Likes Received:
    10
    Exp:
    Professional Chef


    Some options, I have made beetroot as well asparagus, all types, corn, purée corn beef, strong, etc etc
     
  11. chef toowoomba

    chef toowoomba

    Messages:
    5
    Likes Received:
    10
    Exp:
    Professional Chef
    You can mix and match they freeze well, and reheat well and hold their shape, just finish with a sauce
     
  12. chefwriter

    chefwriter

    Messages:
    1,863
    Likes Received:
    412
    Exp:
    Professional Cook
    One of the chemicals in molecular gastronomy holds foods in shape while hot, then loosens when cooling, the exact opposite of gelatin. Used in commercially thickened soups among other things. Perhaps someone else can remember which it is. When playing with molds, this might help the use of fresh purees. If I can find it, I'll post it here. 
     
  13. chef toowoomba

    chef toowoomba

    Messages:
    5
    Likes Received:
    10
    Exp:
    Professional Chef
    Try agar agar
     
  14. allanmcpherson

    allanmcpherson

    Messages:
    806
    Likes Received:
    63
    Exp:
    Owner/Operator
    Methocel, is what Chef writer is referencing. I use it sometimes, might be worth a try. It's pretty neutral in taste. Might be a little work, but honestly, your clients sound like they are worth a little extra if you can bring them any kind of joy.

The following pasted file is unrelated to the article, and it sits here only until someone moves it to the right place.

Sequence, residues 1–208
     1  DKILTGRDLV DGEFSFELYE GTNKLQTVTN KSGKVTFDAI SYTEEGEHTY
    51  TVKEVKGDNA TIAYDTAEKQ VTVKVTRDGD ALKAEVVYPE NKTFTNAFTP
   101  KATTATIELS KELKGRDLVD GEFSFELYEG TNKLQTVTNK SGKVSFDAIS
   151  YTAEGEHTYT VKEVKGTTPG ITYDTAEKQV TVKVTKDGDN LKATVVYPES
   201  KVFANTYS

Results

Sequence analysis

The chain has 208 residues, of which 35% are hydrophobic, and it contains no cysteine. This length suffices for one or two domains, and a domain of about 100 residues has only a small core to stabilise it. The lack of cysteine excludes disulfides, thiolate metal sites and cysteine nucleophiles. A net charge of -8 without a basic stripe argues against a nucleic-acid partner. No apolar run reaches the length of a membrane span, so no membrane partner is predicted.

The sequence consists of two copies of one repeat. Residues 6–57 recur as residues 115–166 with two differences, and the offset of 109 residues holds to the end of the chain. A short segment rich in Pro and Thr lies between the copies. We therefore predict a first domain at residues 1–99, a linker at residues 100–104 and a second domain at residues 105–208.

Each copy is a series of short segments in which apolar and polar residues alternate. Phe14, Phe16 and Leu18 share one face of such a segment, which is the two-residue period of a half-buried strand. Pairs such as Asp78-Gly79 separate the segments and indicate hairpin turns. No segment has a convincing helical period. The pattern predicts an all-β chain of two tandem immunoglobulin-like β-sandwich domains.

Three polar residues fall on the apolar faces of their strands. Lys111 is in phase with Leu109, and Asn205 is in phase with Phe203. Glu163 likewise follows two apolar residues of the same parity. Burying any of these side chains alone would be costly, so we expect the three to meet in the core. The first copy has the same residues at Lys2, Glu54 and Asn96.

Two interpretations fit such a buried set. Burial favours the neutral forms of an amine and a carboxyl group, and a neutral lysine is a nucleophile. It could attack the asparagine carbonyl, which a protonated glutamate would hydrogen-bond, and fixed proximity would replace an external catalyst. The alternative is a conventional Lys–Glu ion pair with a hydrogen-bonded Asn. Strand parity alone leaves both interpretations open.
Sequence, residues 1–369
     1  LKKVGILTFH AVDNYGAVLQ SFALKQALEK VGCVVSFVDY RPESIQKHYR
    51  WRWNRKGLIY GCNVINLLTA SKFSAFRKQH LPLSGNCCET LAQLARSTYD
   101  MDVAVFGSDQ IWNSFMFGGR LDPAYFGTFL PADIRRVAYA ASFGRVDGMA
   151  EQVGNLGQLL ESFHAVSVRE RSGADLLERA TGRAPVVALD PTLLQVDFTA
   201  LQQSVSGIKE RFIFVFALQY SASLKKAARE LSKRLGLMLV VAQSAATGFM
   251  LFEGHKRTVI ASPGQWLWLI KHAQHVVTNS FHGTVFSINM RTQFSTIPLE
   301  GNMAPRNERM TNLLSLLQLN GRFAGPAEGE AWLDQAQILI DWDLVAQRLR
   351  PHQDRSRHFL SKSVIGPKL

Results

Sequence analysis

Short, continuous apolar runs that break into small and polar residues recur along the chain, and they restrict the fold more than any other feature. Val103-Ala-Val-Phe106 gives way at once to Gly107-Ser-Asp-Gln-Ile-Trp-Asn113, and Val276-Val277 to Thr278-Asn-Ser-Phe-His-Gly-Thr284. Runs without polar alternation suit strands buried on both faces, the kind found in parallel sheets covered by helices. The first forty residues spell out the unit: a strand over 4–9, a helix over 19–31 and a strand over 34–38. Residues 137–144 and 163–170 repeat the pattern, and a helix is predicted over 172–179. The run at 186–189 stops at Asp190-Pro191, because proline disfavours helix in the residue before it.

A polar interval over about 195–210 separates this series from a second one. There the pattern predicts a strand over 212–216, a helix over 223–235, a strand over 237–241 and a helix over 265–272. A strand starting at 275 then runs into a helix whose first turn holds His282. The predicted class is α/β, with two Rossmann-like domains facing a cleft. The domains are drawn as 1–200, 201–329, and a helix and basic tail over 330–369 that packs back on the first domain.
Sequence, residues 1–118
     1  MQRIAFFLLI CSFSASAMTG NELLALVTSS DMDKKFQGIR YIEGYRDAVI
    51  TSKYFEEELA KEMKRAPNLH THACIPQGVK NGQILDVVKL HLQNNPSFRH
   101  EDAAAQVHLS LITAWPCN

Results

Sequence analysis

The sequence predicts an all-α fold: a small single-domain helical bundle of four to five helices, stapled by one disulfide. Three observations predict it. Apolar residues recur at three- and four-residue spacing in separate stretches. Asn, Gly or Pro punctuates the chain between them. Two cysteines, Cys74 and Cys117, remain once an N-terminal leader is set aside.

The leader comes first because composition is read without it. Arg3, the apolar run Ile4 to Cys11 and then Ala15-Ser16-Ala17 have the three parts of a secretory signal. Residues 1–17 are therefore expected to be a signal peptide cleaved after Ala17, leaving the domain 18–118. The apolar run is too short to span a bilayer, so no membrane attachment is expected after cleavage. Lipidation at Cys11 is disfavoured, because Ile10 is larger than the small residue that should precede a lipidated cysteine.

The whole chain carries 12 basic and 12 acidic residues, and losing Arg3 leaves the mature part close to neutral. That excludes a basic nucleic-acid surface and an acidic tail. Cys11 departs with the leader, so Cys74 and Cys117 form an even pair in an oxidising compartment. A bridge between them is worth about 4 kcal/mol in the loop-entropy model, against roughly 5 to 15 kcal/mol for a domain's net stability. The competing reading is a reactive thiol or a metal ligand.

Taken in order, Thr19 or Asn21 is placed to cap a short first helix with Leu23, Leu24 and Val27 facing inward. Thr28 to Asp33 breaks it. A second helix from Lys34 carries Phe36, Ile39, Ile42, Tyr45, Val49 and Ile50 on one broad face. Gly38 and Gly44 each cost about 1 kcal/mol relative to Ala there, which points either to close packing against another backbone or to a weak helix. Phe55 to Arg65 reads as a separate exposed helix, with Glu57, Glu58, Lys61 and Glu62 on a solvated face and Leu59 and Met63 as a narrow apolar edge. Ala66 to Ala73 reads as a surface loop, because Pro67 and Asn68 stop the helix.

15. allanmcpherson

    allanmcpherson

    Messages:
    806
    Likes Received:
    63
    Exp:
    Owner/Operator
    As for the palate problems, have you ever heard of miracle berries?
     
  16. chef toowoomba

    chef toowoomba

    Messages:
    5
    Likes Received:
    10
    Exp:
    Professional Chef
    My clients get fed fantastically eating almost every any normal person can ea, have you got any pictures of food made with methocel, does it hold, I have used spuma and it is to expensive, I have trailed many different and found agar agar works the best.
     
  17. chef toowoomba

    chef toowoomba

    Messages:
    5
    Likes Received:
    10
    Exp:
    Professional Chef